YouTube: The new kids TV
The platform still sat outside of Australian and international children’s content frameworks, although the Australian Association of National Advertisers urged advertisers on YouTube Kids to adhere to their children’s advertising codes. These codes however are self-regulated.
While YouTube Kids previously grouped together all viewers under 12, the new platform allows parents to select Preschool (under 4), Younger (5-7), or Older (8-12) categories.
These age-based categories will largely be managed by YouTube’s automated filtering and categorisation systems, but will rely on parental reporting of inappropriate videos that slip through filters. While the children’s TV standards and classification frameworks regulate for age appropriate, quality children’s programming on television, such regulation does not extend to online content.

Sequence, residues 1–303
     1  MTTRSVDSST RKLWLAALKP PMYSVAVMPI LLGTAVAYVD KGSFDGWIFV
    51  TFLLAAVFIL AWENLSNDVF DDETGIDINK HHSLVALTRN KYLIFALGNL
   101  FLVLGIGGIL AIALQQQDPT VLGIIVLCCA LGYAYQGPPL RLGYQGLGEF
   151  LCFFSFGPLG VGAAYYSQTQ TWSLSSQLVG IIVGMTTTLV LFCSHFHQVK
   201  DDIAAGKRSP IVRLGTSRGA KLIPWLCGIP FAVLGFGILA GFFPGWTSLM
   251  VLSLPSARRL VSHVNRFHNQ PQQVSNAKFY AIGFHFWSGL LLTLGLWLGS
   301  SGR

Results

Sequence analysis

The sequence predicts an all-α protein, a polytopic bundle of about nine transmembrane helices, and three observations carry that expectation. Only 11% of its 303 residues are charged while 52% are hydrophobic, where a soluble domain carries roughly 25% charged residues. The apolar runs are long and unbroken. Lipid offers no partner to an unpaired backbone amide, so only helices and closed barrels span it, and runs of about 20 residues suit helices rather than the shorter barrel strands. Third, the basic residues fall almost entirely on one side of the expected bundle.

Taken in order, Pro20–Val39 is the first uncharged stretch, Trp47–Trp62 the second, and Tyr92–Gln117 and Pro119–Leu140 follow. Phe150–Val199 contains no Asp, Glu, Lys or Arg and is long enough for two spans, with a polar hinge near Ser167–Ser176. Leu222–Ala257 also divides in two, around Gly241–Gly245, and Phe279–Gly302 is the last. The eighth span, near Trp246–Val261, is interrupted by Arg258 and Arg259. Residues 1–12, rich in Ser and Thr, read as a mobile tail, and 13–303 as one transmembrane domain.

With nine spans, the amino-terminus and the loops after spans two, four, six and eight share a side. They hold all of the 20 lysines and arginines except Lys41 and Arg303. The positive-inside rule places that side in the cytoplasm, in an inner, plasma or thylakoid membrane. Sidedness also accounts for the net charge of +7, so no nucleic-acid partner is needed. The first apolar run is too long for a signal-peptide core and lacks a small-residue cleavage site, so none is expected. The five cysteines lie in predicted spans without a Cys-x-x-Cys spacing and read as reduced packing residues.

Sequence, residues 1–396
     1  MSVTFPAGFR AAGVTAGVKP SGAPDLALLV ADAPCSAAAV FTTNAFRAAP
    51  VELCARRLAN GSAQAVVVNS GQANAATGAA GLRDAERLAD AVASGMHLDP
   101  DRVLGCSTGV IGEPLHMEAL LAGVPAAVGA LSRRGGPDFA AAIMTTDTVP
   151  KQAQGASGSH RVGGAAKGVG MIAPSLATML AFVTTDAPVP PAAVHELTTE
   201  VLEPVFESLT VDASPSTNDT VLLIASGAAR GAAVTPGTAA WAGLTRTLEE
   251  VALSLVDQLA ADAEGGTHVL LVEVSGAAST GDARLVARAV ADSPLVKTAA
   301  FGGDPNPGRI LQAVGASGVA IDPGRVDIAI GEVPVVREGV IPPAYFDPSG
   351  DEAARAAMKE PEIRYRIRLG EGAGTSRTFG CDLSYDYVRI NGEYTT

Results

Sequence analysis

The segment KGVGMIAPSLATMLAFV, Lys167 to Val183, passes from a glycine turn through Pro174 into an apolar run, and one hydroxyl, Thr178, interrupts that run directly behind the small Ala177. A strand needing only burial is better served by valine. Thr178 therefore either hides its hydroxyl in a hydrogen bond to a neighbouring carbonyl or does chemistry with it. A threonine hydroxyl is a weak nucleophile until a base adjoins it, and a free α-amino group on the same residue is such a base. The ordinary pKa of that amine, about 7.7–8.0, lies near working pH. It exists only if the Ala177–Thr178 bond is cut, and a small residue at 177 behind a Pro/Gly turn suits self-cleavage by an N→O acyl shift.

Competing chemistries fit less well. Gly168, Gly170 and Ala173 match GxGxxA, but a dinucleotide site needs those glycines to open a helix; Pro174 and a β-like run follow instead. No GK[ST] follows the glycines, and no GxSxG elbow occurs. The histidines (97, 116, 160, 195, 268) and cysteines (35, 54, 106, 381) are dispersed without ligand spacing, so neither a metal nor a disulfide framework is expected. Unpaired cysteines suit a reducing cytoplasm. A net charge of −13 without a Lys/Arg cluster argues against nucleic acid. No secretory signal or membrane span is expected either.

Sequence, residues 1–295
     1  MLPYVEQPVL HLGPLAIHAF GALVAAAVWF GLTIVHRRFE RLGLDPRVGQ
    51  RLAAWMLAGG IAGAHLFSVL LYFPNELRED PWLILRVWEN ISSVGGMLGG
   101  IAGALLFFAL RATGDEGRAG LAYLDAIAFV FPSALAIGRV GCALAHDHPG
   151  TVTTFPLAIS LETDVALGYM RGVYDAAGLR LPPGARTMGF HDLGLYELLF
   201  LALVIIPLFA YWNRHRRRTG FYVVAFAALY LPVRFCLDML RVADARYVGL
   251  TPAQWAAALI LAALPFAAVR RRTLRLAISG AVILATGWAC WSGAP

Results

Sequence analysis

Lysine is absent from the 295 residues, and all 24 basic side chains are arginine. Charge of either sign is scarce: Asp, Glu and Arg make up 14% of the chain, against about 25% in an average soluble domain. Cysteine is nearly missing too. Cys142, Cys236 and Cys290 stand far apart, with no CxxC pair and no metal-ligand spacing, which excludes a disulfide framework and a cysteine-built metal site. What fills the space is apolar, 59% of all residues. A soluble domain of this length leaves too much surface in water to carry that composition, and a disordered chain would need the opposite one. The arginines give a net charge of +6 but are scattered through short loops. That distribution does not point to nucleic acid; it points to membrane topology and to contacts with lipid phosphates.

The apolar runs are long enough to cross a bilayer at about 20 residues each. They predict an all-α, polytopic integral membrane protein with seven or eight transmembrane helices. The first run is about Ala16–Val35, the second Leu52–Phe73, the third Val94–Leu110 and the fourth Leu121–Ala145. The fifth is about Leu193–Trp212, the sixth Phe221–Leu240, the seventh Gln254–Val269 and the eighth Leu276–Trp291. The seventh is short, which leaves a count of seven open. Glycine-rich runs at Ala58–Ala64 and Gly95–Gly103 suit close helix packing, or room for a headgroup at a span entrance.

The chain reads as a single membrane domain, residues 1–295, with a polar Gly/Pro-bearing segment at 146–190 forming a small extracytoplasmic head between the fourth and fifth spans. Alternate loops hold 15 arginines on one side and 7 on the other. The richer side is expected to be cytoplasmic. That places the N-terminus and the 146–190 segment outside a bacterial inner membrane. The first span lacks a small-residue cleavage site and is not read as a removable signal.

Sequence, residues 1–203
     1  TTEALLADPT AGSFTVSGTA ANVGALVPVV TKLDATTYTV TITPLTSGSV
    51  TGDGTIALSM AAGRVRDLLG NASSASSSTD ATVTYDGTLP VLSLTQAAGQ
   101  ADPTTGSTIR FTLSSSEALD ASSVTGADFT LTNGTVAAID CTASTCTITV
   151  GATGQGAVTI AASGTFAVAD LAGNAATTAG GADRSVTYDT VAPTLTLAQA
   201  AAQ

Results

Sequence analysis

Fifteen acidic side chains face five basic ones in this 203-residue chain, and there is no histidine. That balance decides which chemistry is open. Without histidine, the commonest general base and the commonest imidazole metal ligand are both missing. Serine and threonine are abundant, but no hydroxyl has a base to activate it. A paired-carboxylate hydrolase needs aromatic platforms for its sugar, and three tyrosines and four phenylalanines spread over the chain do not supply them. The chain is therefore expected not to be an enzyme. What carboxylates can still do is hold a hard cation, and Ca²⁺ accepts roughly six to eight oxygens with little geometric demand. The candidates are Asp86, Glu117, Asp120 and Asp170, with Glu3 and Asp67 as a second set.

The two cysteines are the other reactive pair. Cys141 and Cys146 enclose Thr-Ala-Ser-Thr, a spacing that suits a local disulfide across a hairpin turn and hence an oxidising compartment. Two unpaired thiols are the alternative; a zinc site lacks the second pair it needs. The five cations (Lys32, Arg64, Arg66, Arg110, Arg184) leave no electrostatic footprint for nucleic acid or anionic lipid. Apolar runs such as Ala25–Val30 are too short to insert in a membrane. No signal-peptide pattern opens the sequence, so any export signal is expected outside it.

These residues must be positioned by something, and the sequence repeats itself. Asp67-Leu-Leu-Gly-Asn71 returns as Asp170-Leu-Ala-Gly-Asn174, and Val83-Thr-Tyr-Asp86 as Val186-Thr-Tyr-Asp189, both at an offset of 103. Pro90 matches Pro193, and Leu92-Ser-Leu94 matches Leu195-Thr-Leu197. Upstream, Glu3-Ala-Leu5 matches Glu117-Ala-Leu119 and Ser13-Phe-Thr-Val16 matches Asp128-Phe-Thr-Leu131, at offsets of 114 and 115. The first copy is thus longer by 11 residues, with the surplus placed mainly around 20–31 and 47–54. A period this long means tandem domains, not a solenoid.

With the fine announced just a week after the launch of the new Kids platform, YouTube announced another raft of platform updates.
Creators will now be required to tell YouTube if their content targets children, and the platform will stop serving personalised ads with children’s content. YouTube has committed to using machine learning to more precisely identify child-oriented content.
These new machine-learning strategies will identify children’s content by looking for videos with “an emphasis on kids characters, themes, toys, or games”.
But does this take into account child-oriented genres native to YouTube, like Elsa and Spider-Man romantic mash-ups and bad baby videos, or popular imagery in YouTube children’s content, like syringes and head swapping?
YouTube has transformed the themes, narrative structures, and aesthetics of children’s genres in ways that even the company now struggles to understand.
For these new measures to work, technological solutions need to be grounded in new understandings of children’s screen genres.
Our cultural and policy definitions of children’s content need to catch up with this new frontier.
Authors: Jessica Balanzategui, Lecturer in Cinema and Screen Studies, Swinburne University of Technology